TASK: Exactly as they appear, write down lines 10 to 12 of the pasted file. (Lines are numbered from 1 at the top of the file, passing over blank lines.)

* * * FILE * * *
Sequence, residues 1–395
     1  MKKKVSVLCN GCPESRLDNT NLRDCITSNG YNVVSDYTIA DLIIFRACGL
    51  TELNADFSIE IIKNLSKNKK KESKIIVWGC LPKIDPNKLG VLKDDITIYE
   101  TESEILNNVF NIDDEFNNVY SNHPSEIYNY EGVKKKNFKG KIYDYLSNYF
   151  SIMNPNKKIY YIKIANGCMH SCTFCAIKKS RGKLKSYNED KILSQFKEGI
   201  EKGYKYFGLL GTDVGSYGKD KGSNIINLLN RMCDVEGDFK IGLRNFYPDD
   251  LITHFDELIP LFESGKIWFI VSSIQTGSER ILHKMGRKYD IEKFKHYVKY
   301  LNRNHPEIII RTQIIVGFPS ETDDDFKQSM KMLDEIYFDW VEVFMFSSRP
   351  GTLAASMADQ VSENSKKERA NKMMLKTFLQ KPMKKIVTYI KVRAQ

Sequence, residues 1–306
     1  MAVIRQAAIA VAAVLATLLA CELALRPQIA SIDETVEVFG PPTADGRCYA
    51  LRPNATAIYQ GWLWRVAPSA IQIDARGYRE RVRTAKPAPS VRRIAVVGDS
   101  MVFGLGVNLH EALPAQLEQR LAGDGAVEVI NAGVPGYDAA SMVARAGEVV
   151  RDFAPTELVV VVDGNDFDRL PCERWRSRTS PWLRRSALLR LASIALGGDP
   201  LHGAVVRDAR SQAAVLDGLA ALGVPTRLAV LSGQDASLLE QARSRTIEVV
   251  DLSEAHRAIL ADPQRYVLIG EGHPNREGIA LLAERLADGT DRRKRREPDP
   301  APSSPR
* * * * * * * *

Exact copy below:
Sequence, residues 1–306
     1  MAVIRQAAIA VAAVLATLLA CELALRPQIA SIDETVEVFG PPTADGRCYA
    51  LRPNATAIYQ GWLWRVAPSA IQIDARGYRE RVRTAKPAPS VRRIAVVGDS